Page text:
What Landlords Can Do To Prevent Lead Paint Exposure
Lead Inspections and Risk Assessments
To more accurately determine the amount of lead paint and related lead hazards in your home, consider having a lead inspection. If the question is not whether you have lead paint, but whether the paint is a hazard and what to do about it, then you may want to consider a risk assessment. You can search for licensed inspectors and risk assessors in your area through the Ohio Department of Health (see Search Lead Data Base and Lists.) If your household doesn’t have the resources or if you have a landlord who isn’t willing to help, find out if your community provides funding for inspections and lead hazard control. See OHHN’s Directory of Lead, Home Repair and Healthy Housing Resources for more information.
Lead Poisoning Check List – https://www.epa.gov/sites/production/files/documents/parent_checklist3.pdf
Maintain Your Home’s Condition
It is very important to care for the lead-painted surfaces in your home. Lead-based paint in good condition is usually not harmful.
If your home was built before 1978:
- Regularly check your home for chipping, peeling, or deteriorating paint, and address issues promptly without excessive sanding. If you must sand, sand the minimum area needed, wet the area first, and clean up thoroughly.
- Regularly check all painted areas that rub together or get lots of wear, like windows, doors, and stairways, for any signs of deterioration.
- Regularly check for paint chips or dust – if you see some, remove carefully with a damp paper towel and discard in the trash, then wipe the surface clean with a wet paper towel.
- Wipe down flat surfaces, like window sills, at least weekly with a damp paper towel and throw away the paper towel.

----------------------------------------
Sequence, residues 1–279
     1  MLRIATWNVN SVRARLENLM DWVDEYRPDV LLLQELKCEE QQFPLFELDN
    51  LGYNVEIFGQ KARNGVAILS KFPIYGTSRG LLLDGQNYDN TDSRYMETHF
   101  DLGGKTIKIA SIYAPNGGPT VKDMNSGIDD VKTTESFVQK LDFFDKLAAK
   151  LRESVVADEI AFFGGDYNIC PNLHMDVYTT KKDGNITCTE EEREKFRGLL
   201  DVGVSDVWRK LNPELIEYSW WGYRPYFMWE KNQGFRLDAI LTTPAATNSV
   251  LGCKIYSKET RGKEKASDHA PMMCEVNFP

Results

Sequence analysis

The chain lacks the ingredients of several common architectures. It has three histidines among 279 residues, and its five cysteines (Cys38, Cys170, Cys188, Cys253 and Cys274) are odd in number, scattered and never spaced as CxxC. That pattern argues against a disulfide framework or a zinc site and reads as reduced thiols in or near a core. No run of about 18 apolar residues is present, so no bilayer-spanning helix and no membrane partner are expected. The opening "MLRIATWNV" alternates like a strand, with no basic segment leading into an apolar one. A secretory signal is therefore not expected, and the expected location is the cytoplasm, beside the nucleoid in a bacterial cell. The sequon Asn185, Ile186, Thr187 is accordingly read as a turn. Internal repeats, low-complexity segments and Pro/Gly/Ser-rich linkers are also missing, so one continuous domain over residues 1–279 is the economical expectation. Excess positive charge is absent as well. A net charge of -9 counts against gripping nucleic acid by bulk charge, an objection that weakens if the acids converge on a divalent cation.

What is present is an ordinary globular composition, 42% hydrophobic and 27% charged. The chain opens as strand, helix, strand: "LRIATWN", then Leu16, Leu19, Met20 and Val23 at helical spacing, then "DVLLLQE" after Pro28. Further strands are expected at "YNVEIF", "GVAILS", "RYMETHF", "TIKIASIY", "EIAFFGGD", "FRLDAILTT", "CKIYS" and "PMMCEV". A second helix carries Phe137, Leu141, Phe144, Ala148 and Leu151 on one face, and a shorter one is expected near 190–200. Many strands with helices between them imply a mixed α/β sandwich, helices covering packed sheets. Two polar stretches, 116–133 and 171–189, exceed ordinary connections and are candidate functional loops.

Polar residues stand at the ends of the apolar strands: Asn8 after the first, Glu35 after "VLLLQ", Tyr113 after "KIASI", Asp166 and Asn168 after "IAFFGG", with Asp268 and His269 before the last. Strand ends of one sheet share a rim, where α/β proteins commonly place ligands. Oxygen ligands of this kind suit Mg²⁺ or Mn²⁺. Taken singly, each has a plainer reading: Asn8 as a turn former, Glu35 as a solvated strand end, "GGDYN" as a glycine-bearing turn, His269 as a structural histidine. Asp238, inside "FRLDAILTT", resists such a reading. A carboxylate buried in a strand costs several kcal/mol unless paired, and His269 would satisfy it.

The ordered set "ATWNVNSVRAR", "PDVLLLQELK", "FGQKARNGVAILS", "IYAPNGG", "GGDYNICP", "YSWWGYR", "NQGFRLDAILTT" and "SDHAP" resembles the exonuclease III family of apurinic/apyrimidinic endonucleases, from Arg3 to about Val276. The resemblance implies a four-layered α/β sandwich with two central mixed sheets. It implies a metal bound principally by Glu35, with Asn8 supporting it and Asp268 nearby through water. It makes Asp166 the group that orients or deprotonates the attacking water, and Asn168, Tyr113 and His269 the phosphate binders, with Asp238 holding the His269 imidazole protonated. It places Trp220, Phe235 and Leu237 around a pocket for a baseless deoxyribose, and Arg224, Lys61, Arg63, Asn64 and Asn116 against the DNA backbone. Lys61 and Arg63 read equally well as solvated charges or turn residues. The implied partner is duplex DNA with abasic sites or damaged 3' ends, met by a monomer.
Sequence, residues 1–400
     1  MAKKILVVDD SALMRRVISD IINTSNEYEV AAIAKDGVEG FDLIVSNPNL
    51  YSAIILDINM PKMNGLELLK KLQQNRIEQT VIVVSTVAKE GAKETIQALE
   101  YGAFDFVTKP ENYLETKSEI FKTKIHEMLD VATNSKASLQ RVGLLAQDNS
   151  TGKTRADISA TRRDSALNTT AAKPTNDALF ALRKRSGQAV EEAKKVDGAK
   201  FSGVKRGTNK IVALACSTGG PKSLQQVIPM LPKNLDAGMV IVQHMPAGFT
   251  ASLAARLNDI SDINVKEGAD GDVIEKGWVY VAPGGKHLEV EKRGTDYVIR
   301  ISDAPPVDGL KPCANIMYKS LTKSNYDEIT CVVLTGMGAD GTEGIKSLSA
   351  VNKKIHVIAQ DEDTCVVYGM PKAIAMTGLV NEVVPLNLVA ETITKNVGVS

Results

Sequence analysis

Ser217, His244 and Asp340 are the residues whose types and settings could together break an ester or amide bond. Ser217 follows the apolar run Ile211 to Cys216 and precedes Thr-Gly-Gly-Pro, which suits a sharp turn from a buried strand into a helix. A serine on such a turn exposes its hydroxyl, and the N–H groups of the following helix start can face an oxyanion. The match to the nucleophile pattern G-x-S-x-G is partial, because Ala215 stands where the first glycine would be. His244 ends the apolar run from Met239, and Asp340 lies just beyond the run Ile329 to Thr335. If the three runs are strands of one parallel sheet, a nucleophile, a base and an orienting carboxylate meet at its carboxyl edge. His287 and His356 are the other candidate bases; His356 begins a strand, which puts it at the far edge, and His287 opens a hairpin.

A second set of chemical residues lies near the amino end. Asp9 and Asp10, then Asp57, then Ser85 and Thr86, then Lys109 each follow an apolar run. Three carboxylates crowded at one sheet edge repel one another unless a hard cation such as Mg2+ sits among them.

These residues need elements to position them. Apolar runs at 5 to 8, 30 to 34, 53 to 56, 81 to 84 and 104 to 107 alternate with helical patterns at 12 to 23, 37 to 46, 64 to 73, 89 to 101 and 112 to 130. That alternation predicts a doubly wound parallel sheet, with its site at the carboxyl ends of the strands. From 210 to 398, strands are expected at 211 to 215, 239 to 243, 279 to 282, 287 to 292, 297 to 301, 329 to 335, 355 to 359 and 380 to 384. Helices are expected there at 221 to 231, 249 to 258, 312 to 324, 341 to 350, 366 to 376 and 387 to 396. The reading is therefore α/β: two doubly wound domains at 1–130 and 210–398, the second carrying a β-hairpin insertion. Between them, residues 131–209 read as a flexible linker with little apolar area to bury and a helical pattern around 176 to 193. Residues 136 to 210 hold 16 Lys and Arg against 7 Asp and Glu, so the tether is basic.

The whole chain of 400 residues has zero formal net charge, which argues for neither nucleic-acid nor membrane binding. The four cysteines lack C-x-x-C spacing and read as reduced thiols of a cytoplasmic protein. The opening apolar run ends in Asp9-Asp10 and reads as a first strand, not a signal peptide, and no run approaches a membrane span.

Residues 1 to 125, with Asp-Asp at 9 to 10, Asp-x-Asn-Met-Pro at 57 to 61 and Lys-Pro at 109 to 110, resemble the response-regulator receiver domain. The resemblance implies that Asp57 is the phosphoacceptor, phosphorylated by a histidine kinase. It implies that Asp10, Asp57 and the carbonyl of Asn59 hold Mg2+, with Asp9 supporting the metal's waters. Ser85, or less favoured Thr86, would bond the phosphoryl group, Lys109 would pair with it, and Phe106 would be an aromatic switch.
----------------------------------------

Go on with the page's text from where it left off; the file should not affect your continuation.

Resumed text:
- Mop smooth floors (using a damp mop) weekly to control dust.
- Remember to test for the presence of lead and lead hazards by a lead professional – this will tell you where you must be especially careful.
Here are more tips to help you reduce or prevent your family’s exposure to lead dust. It’s best to follow these steps weekly.
Cleaning Uncarpeted Floors
- Damp mopping, with standard sponge or string type mops and an all-purpose cleaner.
- Standard vacuum cleaners if no visible dust or debris from chipping or flaking paint is present.
- Mops with a scrubber strip attached.
- Powered buffing or polishing machines, or vacuums with beater bars that may wear away the painted surface.
Cleaning Carpets and Rugs
- Wet scrubbing or steam cleaning methods to remove stains.
- Standard vacuum cleaners if no visible dust or debris from chipping or flaking paint is present. Use only vacuums with HEPA filters otherwise.
- Dry sweeping of surface dust and debris.
- Shaking or beating of carpets and rugs.
Cleaning or Dusting Walls and other Painted Surfaces
- Soft, dampened, disposable cloths with an all-purpose cleaner.
- Steel wool, scouring pads, and abrasive cleaners.
- Solvent cleaners that may dissolve paint.
- Excessive rubbing of spots to remove them.
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